Birdwatching in Wartime by Jeffrey Thomson
(Carnegie Mellon University Press, February 2009)
John Berryman made the famous observation “Life, friends, is boring” and many poets today seem to agree. A great deal of modern work seems to be concerned with mining through layers of the mundane to access some nugget of meaning. We often conflate the everyday and the possible.
Birdwatching in Wartime suggests that the problem may be geographical. Most of us simply don’t live where it’s dangerous. We no longer feel overwhelmed by physicality— hunger, pain, and wild beauty. Jeffrey Thomson brings us back to this world.
Thomson’s poems wind through the Amazon, detailing the fantastical creatures that seem to emerge from every direction. The poems are at times overwhelming, but leave me with a terror and fascination unmatched in any other poetry I’ve read. Much of the effect comes from Thomson’s lyrical dexterity:
…a pity not to have seen
the spattered sun
scribbled down to nothing more than matchlight on army ants
engraving leaf litter,
the cuneiform of tapir prints in the mud of that flat-banked stream,
not to have seen
the wattled jacana scrawl across water lilies with her vast, forked feet
never to have taken piranha from the river and watched them slap
across the bottom of the boat.
But unlike many lyrical poets, I get the sense that Thomson’s language is lagging behind the reality of the experiences, not dominating them. I picture him running through the jungle, breathlessly jotting down what is happening around him without enough time to focus on any particular wonder.
There is an almost inconceivable breadth and strangeness in Thomson’s landscapes. In “Landscape with Flooded Forest,” Thomson shows us a world where “the horizon rises up around the shoulders of trees/ and fish fly through branches in flocks of scale…a wire-tailed manakin flames/ through the middle-story treetops and pink dolphins/ slalom through the sunken trunks.” The impossibility of these images and their apparent reality challenge the imagination. But there is a darker side to these worlds; a constant danger:
when those wasps
stapled my back and sides and face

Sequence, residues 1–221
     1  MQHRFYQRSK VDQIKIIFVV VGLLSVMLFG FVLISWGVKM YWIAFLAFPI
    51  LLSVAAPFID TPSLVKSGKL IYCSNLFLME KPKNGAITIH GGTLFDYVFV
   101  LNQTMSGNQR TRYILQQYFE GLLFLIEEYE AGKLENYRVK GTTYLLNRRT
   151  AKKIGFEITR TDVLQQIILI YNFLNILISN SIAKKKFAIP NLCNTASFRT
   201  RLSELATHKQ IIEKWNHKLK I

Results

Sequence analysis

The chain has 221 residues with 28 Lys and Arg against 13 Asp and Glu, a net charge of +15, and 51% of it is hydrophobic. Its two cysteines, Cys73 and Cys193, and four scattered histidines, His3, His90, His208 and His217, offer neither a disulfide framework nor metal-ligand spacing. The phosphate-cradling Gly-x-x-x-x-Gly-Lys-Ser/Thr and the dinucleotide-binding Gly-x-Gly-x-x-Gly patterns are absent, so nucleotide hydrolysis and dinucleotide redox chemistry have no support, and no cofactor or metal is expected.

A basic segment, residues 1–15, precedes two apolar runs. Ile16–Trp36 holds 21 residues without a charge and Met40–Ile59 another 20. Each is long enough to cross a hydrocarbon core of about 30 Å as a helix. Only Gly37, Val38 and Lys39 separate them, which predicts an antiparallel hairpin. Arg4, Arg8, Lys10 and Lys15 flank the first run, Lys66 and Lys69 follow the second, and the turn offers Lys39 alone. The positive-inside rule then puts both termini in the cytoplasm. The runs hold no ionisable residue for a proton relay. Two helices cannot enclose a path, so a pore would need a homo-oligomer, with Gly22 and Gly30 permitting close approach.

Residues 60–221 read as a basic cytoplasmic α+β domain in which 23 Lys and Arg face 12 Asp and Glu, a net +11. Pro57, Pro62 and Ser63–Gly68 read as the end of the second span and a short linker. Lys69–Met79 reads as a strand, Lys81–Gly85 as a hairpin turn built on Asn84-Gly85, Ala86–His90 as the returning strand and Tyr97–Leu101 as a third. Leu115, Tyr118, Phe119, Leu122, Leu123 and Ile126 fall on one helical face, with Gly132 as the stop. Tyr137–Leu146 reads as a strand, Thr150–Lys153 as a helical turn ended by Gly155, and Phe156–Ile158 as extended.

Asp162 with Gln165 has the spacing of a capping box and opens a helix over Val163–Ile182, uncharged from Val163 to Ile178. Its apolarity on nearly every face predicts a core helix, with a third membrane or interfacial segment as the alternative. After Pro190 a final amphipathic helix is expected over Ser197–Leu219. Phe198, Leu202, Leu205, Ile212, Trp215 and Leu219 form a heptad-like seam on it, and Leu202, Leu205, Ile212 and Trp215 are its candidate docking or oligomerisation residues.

…when the splotches flushed across my back
my neck, my sweat-licked face,
when the diaspora of venom wrote a question across my back
in hot letters that left me
cold and shaking
The less personal but no less fierce violence of the “Tarantulas that hunt fish” or “piranha, red-bellied as rage…that dissembled a swimming sloth” also stalks through the poems. Thomson’s cocktail of fear and wonder is potent. It keeps the poems engaging even when the density of creatures and events threatens to overwhelm them.
Though Thomson’s Amazon poems are the vanguard of Birdwatching in Wartime, they are not the totality of the army he has deployed. He also experiments with two long multi-part poems. The first, the “Celestial Emporeum of Benevolent Knowledge,” plays with the idea of cataloguing experience into a handful of categories. Thomson’s fresh use of language is an asset here and the poem sparkles with clever metaphorical gems. Though it’s length and wit are impressive, the poem seems to buckle under the freedom afforded by its scope. The second long poem, “Blind Desire,” is largely successful, with a coherent series of three-tercet sections interlocking through a sequence of overlapping images.
Other directions abound in Birdwatching, including commentary on religion, imperialism, and desire, a poem entwined in the philosophy and desperation of Jack Gilbert, and a poem comprised solely of footnotes. But it is really the Amazon poems and their “Landscape” form, which re-appears throughout, that give this book its thrust. “Beauty is a theatre of risk” writes Thomson, and in terms of form and content, this book goes all in.
Dmitry Berenson is pursuing a PhD in Robotics at Carnegie Mellon
University. He is an avid reader and writer of poetry.